Engine swapped tuned Mazda RX-7s are always controversial. Even more so if it’s an engine a Honda S2000!
There’s no doubt the Mazda rotary engine is an awesome piece of kit. Nobody could think any differently if they experienced a really good one. Which is why rotary fans are fanatical – usually disgusted by the mere thought of swapping a piston engine in to a RX-7.
The trouble is, the rotary engine is temperamental at best, a nightmare at worst, and more suited to a race car than an every day road car. So probably more people have experienced the bad sides to them than the good, and that’s given them a somewhat undeservedly bad reputation.
The engines might scare off a lot of people. But the rest of the car, well, nobody in their right mind can say they’re anything but awesome. Stunning looks, big brakes, great handling, and a large engine bay, means they’re one of the most popular cars to do an engine swap on. Much to the horror of the rotary fans.
A lot of the arguments rotary fans have against engine swaps is they go against the original feel of the car, that the high-revving, screaming, turbocharged engine is part of what makes an RX-7 so special, and to be honest, they do have a good point.
But what about if you fitted an engine that revved just as high, was also turbocharged, and is capable of making just as much power? Well, that’s exactly what Alvi, the owner of this stunning looking tuned Mazda RX-7 FD, has done. And you’ve got to be an absolute rotary fanatic not to love the result.
As first impressions of a rotary goes, Alvi honestly couldn’t have had it much worse with this FD. While it was a rare sunroof model, it had an automatic gearbox. It had damage to the door locks and wiring as some scumbags had attempted to steal it. And to make it worse, once he got it started it had a misfire, which he quickly realised was more than just an ignition problem. The car had the dreaded rotary engine issues.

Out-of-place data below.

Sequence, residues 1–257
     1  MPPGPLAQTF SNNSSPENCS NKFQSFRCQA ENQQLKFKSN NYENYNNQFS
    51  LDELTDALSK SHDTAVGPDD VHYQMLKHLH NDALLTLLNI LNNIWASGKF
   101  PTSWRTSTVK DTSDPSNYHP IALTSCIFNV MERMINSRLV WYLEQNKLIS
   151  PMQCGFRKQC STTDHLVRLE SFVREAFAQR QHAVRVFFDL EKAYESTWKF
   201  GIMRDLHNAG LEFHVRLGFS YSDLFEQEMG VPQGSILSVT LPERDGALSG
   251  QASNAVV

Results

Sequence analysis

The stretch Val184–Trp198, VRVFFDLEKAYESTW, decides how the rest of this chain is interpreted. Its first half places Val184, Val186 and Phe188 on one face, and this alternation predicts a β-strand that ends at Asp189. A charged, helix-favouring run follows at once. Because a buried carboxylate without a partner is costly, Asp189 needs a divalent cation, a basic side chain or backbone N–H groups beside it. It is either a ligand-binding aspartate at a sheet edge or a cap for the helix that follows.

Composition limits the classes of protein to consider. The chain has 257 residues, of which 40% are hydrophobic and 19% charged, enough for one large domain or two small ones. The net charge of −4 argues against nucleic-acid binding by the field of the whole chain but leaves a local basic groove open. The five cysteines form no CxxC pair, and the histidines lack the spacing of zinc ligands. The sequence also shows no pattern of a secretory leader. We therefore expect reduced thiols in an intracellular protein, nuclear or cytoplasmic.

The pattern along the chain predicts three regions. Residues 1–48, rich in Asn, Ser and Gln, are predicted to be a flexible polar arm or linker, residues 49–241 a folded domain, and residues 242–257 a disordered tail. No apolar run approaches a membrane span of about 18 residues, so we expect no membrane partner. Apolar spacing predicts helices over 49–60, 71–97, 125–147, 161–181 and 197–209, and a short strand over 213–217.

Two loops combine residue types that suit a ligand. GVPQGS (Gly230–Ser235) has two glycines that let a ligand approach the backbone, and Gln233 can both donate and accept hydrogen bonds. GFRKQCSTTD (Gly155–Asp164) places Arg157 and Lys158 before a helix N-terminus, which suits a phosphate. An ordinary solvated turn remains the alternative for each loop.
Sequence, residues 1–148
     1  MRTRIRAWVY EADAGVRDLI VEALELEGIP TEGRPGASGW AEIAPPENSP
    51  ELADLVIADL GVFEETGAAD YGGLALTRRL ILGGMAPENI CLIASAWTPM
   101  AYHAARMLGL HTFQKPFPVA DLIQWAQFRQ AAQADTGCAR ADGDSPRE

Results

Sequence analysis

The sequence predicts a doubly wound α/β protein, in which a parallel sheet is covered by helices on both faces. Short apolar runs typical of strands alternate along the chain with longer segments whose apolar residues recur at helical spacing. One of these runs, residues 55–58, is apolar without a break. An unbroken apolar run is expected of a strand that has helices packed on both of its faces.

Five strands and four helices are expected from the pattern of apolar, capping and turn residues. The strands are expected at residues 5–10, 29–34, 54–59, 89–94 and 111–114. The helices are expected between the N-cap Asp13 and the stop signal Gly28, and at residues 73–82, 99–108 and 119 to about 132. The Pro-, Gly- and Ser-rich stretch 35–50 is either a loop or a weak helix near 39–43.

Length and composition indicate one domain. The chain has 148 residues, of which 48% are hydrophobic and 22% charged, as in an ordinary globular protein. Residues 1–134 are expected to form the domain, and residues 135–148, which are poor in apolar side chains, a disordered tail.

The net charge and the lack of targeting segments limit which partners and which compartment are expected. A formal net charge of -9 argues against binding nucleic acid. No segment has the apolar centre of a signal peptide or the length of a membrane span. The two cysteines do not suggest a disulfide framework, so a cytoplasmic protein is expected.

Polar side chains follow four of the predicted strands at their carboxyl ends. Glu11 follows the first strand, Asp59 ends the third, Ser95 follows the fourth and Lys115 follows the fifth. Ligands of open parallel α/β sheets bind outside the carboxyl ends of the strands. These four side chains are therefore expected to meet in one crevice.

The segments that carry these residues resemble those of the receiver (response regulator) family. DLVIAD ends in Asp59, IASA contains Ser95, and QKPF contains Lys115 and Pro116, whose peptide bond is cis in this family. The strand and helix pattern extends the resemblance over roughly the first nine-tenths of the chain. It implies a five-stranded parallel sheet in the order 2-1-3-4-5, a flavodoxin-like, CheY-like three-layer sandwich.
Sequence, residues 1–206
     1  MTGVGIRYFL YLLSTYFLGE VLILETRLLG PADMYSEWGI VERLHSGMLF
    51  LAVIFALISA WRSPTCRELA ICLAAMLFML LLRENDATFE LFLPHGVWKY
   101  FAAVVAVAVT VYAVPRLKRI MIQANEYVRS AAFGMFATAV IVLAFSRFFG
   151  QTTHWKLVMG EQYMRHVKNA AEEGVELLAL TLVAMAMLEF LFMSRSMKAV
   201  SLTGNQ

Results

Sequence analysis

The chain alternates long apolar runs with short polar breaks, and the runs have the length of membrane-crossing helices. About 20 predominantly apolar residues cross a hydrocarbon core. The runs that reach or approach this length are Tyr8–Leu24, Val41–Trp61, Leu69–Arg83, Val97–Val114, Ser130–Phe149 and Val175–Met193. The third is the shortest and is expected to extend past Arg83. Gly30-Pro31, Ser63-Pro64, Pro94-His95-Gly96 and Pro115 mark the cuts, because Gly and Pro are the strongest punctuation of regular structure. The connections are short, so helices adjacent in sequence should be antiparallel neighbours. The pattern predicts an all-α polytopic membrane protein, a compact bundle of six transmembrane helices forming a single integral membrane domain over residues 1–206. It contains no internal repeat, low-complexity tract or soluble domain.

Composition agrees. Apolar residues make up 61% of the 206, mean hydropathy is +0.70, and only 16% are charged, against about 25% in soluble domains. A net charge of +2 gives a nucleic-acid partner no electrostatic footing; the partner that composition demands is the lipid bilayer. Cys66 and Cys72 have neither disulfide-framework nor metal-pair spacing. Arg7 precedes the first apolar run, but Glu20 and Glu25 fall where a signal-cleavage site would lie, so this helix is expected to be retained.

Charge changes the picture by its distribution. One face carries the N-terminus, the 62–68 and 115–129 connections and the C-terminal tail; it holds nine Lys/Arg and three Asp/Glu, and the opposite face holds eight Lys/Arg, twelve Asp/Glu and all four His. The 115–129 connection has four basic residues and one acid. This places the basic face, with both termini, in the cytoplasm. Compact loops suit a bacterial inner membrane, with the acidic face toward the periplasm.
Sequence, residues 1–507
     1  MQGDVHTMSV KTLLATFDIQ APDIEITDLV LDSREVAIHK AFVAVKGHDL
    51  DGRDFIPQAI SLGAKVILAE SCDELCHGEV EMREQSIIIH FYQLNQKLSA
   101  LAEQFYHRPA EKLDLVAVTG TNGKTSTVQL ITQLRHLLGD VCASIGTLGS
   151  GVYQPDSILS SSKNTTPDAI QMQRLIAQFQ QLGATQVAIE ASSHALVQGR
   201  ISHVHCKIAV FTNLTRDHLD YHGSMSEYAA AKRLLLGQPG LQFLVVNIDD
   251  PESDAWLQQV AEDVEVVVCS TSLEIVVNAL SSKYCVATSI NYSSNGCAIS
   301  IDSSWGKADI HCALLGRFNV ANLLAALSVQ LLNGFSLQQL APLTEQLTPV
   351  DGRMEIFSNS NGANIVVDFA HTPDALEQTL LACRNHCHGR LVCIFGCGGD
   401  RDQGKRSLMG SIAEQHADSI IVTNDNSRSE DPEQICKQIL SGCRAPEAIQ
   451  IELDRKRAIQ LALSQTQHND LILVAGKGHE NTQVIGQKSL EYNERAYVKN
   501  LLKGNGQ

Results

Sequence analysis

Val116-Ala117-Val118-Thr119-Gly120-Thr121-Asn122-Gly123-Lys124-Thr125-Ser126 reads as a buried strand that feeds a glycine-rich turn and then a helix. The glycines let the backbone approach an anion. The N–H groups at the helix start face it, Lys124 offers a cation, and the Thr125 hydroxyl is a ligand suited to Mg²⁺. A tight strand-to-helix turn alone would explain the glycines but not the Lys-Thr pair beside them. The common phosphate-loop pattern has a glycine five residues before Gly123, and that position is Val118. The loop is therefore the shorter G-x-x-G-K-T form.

At this point most RX-7 owners start Googling prices for V8 conversion kits. But rather than instantly quit rotary life before it even started, Alvi started by seeing if the rotary could be saved. “I took the rotary apart to see what was wrong. But it wasn’t good news. A lot of the parts had turned blue from being badly overheated, and it looked like the previous owner had ran it low on oil. Most of the main parts were scrap” he explained. While a typical rotary rebuild is cheap compared to many piston engines, the serious engine damage meant he’d almost be starting from scratch and the cost was huge. So Alvi decided to look into alternative engine options.
After much deliberation, the engine choice was made, and for two reasons. Firstly, the high revving nature of the rotary is all part of the fun. And secondly, Alvi always fancied a Honda S2000 but found he was too tall to comfortably drive one. So the engine swap he chose was, yes, a Honda F20C lump from a S2000!
Honda engines get a lot of stick from non-Honda fans for lacking torque. But they do make massive power for their capacity, and are capable of huge revs too, which in essence is exactly like a rotary engine, but unlike these, Hondas are famous for their reliability.
But what about the turbo? A big reason there’s less love for the RX-8 over the RX-7 is that while it also revs to the moon, it lacks the turbo an RX-7 does to make really big power and torque. And so does the F20C lump. Well, usually…
“I bought a crash damaged S2000 as a donor car, and completed the swap in about four months” Alvi explains. It wasn’t an easy swap, with loads of custom parts, but he’s very handy with the spanners and built almost all of this car himself. The only help he needed was on the wiring side of things, to get the engine running and the S2000 digital dash working fully.
“I drove it around at first in N/A form, but soon enough I decided to boost it” he explains. And this is where the engine swap gets really interesting.
Thanks to the big engine bay of the FD and the popularity of turbocharging the F20C engine, it was always a good idea. But while everyone’s got their chosen tuners, and it’s certainly worth travelling to get the service you’re happy with, Alvi’s choice was further than most. In Lithuania. 1,800 miles away from his home in Ireland!
“I shipped the car over to Lithuania to HondaTuning.Lt to get the turbo conversion done, as I know they do a great job. I got them to build me a custom manifold, downpipe, intercooler, as well as map it on an AEM engine management once it was all complete,” he says.